Jaakko Eino Kalevi: ‘Frustration Drives Me To Do Something Meaningful’

A tram driver who writes songs by mumbling - he might not be an archetype superstar, but Jaakko Eino Kalevi isn’t far off.

Imagine a tram moving unhurriedly through snow-touched Helsinki. The large grey door at the front of the tram (with the STAFF ONLY sign) inhabits a driver, and as the snow is wiped from the front window, the driver’s view gradually fades from the ordinary reality of the municipal into a landscape of uncanny wonder. The said driver is Jaakko Eino Kalevi, a twenty-something multi-instrumentalist and the first Nordic artist to work with Domino Records. This isn’t silly fiction - it’s a day in the life of an unlikely star.

Unknown to these shores (until now), Jaakko is by no means a newcomer, having released music for numerous years on his own label JEKS Viihde. Asked if he views his new, Weird World release as a step forward, he replies ‘You could say so.

‘I’ve released with other Finnish labels too, but all of them are really small. It’s funny, suddenly I have all these people working with me – it’s great!”
Kalevi occupies a realm of curiosity, if not inspiration. There’s a sense of humbleness and honesty with Jaakko, something universally likeable in his very nature. His day job as a tram driver is a peculiar source of inspiration; “I basically drive around the city and listen to music. It’s very easy and relaxing but also sometimes boring and frustrating. I get my ideas there and the frustration drives me to do something meaningful in my free time.’



While his day job might inform his recordings, Kalevi’s primary sonic influences stem from reggae and dub - Lee ‘Scratch Perry in particular (“for his singularity and drive”), as well as fellow experimentalists Ariel Pink and Connan Mockasin. The latter’s presence is especially felt in ‘No End’, the first preview of the EP, which features Suad Khalifa’s ethereal vocals locked in a glacial territory that collapses with a saxophone solo of clear splendour. It’s a meditative track led by a dubbed bass groove, with the understanding of subtle drum patters. In fact, Kalevi is most happiest when behind the drums, which is the starting point for all his tracks: “Often I only have an idea of the beat and then I start to build it up from there.’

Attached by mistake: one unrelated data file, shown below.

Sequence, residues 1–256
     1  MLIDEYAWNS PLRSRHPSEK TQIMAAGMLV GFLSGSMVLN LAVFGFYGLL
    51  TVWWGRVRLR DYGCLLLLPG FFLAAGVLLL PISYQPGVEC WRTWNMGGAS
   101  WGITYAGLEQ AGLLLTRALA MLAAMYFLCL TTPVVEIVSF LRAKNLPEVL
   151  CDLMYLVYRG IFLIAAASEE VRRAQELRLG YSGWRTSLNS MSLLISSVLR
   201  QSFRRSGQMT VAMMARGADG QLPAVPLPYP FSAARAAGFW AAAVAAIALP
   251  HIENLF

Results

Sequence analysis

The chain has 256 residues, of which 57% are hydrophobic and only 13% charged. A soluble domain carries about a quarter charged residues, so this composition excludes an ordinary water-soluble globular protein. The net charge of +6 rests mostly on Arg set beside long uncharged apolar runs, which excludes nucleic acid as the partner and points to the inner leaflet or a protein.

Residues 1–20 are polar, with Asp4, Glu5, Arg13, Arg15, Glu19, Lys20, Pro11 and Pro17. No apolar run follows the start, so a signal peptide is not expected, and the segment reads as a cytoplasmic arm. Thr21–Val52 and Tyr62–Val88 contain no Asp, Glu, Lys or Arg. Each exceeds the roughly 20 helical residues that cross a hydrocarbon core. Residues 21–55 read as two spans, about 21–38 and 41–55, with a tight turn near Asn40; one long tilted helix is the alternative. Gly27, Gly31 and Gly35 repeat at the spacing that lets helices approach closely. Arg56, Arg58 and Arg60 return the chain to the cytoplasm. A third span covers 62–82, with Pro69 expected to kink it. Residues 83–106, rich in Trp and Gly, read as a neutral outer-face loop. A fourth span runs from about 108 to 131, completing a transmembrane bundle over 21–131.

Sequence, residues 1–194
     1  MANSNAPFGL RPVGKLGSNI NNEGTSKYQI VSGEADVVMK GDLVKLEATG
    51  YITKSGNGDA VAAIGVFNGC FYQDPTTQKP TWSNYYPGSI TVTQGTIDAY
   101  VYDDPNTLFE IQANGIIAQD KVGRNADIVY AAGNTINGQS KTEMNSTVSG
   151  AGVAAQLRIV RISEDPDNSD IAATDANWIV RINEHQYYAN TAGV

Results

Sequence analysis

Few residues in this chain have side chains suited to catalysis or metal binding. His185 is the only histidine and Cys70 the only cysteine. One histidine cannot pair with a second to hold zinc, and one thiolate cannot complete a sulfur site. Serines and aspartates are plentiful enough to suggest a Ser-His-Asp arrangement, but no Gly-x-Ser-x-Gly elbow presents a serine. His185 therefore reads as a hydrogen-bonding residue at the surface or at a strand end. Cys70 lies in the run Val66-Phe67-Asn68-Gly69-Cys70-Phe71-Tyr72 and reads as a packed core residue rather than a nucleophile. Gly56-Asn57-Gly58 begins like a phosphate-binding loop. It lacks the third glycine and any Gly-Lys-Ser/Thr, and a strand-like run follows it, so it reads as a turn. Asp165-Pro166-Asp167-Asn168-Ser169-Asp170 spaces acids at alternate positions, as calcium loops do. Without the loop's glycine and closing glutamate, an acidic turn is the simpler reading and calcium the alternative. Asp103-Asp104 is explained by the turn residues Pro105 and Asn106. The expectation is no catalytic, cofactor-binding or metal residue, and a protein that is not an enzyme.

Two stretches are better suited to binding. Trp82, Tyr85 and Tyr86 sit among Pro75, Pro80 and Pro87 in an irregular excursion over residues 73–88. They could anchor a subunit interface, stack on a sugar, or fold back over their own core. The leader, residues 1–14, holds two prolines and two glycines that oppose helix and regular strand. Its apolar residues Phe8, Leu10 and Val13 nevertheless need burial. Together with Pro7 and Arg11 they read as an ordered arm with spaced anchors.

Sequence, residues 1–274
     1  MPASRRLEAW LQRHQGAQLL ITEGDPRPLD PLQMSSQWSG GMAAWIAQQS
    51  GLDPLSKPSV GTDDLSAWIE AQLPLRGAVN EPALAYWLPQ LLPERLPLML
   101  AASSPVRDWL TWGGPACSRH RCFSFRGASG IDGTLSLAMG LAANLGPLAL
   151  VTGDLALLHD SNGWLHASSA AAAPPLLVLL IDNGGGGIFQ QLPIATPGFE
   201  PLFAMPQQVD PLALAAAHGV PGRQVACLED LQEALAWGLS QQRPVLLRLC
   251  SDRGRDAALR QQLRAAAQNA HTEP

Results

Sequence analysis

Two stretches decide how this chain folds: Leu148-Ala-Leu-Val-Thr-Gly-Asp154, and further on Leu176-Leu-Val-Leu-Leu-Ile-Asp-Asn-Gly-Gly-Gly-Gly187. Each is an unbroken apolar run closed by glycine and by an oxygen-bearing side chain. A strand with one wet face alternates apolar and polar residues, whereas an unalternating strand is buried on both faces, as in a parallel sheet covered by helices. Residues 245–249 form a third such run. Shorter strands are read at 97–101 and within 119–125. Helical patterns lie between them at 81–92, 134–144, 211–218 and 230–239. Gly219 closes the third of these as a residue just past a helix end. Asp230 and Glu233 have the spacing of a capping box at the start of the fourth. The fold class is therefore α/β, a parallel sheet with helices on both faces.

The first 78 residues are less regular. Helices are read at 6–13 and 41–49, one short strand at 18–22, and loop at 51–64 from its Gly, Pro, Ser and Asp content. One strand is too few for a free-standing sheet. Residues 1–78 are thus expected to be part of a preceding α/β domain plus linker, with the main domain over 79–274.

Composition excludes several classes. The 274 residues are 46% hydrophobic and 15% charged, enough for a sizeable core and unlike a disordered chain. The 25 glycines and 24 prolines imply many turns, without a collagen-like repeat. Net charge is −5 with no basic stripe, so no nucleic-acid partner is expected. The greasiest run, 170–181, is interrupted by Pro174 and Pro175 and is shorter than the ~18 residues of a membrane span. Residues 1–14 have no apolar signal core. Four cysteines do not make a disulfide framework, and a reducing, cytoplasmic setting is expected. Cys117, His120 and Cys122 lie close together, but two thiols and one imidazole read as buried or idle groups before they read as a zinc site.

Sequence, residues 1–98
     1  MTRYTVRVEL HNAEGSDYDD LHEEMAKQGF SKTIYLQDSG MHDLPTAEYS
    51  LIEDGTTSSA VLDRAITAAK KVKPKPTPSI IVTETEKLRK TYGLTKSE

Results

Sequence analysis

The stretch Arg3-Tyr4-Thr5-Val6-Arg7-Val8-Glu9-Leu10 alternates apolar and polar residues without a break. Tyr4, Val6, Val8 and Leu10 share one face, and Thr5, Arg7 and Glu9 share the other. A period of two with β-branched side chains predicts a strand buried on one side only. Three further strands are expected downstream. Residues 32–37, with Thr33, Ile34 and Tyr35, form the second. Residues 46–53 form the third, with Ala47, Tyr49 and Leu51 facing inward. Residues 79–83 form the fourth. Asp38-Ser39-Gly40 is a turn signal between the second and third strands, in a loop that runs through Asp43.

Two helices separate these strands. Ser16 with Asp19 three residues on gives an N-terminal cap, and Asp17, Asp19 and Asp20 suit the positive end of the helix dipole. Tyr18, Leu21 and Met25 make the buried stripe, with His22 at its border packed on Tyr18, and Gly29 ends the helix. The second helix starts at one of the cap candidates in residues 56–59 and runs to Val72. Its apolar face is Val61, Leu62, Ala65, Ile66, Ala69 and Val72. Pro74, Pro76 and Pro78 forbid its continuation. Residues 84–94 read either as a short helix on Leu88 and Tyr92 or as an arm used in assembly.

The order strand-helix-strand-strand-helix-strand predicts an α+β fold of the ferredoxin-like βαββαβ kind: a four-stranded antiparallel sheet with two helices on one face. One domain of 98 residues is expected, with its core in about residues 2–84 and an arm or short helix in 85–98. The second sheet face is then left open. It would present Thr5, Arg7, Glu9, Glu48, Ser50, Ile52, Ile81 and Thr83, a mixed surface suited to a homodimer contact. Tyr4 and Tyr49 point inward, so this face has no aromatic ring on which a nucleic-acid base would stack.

‘No End’ acts as perfect example of the EP’s gauzy overtones. Consider the titles ‘Dreamzone’ and ‘Memories’, for example, and it’d be hard to ignore it as a thematic approach. With the latter, it’s a much more nostalgic and lighthearted approach. According to Kalevi, ‘Memories’ ‘comes from one Ren & Stimpy episode where they sing ‘meeemoriiis’ in a certain way. I watched that show a lot as a kid.

‘Memories’ is basically about my bad memory but at the same time I think it’s impossible to really forget anything. It’s like when you have to remember something specific - sometimes you kind of panic so it doesn’t work, but it’s all there! It’s similar where you’re in a dark room and you try to focus somewhere. You actually see better when you look next to the thing you’re trying to look at.”



The title for the EP relates to lyrics in ‘Memories’, with Kalevi disclosing that his love of the word ‘zone’ can perhaps be related to Andrei Tarkovsky’s sci-fi epic Stalker, where the anti-hero (named, ‘The Stalker) leads curious hedonists to a site site known as the Zone, which has the supposed potential to fulfil a person’s innermost desires. Much like the eponymous hero, Kalevi is an artist inhabited and fascinated by boundaries, exemplified by the nebulous colour of his forthcoming release.

When asked how it relates to his previous work, Kalevi says ‘I think it’s more poppy and band-sounding. Also the amount of vocals has been increasing over the years. I remember realising at some point that it’s nice to hear human voice in a song so I started to mumble and howl on the tracks.’


Mumbling away into eternity, it’s clear Kalevi’s interests and influences lie in another world.

‘Dreamzone’ is released via Weird World on 2nd December 2013.

Taken from the new, free DIY Weekly, available to read online or to download on iPad now.